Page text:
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JavaFX Composer a Big Step for JavaFX?

01.14.2010
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Released for early access back in December, the JavaFX Composer is a new visual editor plugin for NetBeans 6.8 (similar to Project Matisse for Swing) that uses components in the JavaFX SDK.  DZone recently interviewed the JavaFX Tools QA Team lead at Sun Microsystems, Lukas Hasik, to see how developers were responding to the new tool and find out when the GA release is coming.  The plugin is still in the process of adding more features, and community feedback is crucial for deciding those features.  It currently resembles tools like Flash Builder and Microsoft Blend, but it makes things easier on developers who don't have design training.  The plugin is a welcome addition to the skimpy JavaFX toolbox.  More tools like the JavaFX Composer could lead to an increase in high profile JavaFX applications like the medal visualizer application on the 2010 Winter Olympics website.

DZone:  First, can you tell me why JavaFX Composer is unique and significant for JavaFX developers?  What was the motivation behind the creation of JavaFX Composer?

Lukas Hasik:  We collect feedback from our users periodically and we got many requests from developers who need to create fat clients that access various data sources.  They'd like to use JavaFX for such applications because Swing doesn't provide cool UI effects.  On the other hand they are not designers and they prefer to use pre-defined components with easy layout (form, grid), often optimized for small devices (application flow with multiple screens). JavaFX Composer should address exactly these needs.

DZone:  What kinds of general feedback have you gotten from developers about the tool?


Lukas:  So far the feedback is very positive. We were surprised to see such detailed reviews immediately after the preview release. We've also received requests to support many new features.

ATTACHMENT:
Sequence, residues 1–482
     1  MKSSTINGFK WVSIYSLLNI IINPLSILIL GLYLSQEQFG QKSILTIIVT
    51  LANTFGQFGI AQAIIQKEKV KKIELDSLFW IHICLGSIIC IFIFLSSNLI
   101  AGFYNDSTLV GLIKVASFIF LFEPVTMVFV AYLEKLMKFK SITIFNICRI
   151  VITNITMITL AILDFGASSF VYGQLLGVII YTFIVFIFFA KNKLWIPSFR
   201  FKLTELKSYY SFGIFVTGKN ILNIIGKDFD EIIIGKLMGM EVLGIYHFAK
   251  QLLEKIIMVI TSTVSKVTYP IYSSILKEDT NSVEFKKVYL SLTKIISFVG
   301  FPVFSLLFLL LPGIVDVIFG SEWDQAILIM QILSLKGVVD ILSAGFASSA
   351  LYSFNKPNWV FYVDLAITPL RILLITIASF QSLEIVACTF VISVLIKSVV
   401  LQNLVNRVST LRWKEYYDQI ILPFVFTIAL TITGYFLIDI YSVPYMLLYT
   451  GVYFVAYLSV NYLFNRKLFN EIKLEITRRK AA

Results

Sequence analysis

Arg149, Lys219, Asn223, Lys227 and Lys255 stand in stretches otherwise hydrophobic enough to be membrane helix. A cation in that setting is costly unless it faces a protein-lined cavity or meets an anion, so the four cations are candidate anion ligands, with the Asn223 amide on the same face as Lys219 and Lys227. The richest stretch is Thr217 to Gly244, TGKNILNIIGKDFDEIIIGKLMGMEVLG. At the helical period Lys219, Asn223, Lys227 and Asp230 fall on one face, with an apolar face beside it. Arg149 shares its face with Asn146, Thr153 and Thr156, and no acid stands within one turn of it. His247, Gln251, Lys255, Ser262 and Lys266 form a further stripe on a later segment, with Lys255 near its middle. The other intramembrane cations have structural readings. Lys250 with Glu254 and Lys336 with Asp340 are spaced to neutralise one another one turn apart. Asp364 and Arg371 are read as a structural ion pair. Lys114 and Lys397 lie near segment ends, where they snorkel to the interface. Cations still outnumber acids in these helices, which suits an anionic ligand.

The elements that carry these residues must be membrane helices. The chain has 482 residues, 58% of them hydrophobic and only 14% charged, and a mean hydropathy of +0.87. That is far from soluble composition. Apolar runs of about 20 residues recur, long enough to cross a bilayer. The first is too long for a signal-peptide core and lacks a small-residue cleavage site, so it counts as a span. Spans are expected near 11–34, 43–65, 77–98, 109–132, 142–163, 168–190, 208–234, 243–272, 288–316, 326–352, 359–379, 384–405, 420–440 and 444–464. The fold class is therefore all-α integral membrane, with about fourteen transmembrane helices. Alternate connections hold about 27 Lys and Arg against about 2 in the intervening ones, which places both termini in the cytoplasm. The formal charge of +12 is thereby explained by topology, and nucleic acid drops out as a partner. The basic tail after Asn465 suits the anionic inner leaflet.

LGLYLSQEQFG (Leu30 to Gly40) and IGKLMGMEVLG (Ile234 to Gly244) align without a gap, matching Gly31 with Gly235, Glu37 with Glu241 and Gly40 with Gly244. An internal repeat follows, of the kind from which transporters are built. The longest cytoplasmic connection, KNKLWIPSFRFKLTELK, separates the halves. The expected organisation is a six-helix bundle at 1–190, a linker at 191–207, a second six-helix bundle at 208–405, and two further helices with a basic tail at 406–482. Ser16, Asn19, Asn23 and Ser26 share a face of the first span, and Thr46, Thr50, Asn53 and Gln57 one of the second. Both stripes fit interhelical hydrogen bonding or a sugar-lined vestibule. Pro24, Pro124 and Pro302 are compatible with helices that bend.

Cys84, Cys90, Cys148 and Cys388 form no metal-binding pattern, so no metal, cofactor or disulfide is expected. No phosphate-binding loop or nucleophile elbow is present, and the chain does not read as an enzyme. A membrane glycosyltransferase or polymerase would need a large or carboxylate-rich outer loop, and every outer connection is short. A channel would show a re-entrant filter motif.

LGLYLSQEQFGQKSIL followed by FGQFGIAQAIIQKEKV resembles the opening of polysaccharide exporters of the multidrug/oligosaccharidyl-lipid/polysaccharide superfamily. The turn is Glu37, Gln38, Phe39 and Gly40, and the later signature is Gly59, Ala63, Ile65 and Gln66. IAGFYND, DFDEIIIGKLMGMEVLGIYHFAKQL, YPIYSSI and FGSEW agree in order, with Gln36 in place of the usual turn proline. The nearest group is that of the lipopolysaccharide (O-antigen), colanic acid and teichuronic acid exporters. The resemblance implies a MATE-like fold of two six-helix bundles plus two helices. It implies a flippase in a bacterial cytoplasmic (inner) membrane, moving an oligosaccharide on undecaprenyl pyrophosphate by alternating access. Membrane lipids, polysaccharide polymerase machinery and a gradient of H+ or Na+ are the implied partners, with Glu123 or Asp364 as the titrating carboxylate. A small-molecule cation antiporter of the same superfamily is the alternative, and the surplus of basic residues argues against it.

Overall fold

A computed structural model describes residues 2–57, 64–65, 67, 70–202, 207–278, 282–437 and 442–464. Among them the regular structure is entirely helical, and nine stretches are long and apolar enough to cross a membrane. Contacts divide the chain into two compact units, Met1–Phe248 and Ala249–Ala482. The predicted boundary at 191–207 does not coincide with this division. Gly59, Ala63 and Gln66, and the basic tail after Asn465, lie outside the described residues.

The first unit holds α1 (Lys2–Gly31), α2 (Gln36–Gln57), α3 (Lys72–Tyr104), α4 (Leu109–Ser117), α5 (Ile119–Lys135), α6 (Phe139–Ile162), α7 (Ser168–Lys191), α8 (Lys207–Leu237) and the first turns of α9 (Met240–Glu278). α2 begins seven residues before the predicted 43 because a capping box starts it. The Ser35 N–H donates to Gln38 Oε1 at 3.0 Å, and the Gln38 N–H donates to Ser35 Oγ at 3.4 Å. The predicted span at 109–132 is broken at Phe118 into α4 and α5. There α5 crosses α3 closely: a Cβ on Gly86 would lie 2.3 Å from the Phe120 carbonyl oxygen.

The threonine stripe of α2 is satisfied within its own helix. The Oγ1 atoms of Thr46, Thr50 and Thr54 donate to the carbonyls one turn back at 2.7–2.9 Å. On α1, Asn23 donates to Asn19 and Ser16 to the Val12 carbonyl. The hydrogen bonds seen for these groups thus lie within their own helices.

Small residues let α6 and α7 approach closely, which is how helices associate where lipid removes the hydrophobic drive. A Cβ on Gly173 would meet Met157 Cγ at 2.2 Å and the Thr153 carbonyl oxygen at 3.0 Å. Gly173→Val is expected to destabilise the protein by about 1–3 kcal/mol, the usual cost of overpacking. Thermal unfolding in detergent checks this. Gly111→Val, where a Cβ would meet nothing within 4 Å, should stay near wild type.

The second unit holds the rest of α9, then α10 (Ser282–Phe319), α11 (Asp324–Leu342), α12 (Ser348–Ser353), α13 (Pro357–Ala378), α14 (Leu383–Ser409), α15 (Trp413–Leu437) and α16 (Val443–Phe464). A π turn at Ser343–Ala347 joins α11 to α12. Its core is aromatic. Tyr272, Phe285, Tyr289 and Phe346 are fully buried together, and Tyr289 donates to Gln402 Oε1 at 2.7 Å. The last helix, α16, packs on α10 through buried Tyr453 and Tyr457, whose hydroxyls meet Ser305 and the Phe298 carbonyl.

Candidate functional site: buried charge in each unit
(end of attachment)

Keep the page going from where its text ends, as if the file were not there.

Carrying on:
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DZone:  How far off is a GA release of JavaFX Composer and what new features might be added?


Lukas:  Rougly 6 months.  The current plan is to align it with the NetBeans 6.9 release.  We're planning to add support for JavaFX 1.3, more components, more and better data sources, and better integration with JavaFX Production Suite.  Also, we are going to focus on improving usability based on user feedback.

DZone:  Are there plans to make the plugin available on more IDE's and platforms?


Lukas: 
NetBeans is our main tools platform and at the moment there are no plans to extend the plugin to other IDEs.

DZone:  How popular has the early access plugin been so far?  What is the community's response?

Lukas: 
It is too early to evaluate.  It's been available for a while since we released the first preview, but people are definitely interested in it - we got many positive reactions immediately after we revealed the first screenshot a few weeks ago.

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DZone: Are there any common issues in this early preview that users should keep in mind?

Lukas:  The current preview release is very stable. We definitely need feedback from people, so that we can polish the work flow. The component set is still limited, but this will improve with JavaFX 1.3, and going forward we'd like to integrate more and more components.  The same is true for Data Sources.  At the moment, generated code cannot be edited, but custom code can be attached through handlers.  We're working on it but it is not trivial and we're not going to release such a feature until it is robust enough not to break user code.
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DZone also got the chance to speak with Martin Ryzl, the manager of JavaFX Composer development:

DZone:  Many JavaFX users say that there aren't enough tools available for JavaFX.  Some also say that a lack of tooling is a big reason why JavaFX isn't gaining more traction.  Do you agree with those statements?  Does JavaFX Composer satisfy some of the tooling needs for JavaFX?

Martin Ryzl:  I agree that a lack of tools for an RIA technology is a reason for limited adoption. That's the reason NetBeans has been paying attention to JavaFX tooling, and based on the feedback from our users we started working on the JavaFX Composer.  Of course, basic support like the editor with advanced highlighting, hints, refactoring, build system, etc. is higher priority.
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You can see a video here where Lukas Hasik creates a simple application in JavaFX Composer that will rotate and zoom in on the NetBeans logo.  To get started with the JavaFX Composer, check out this tutorial.

Comments

Max Katz replied on Thu, 2010/01/14 - 8:14pm

For Eclipse users, Exadel has JavaFX plug-in for Eclipse and we have also started working on visual designer.

Max
http://mkblog.exadel.com

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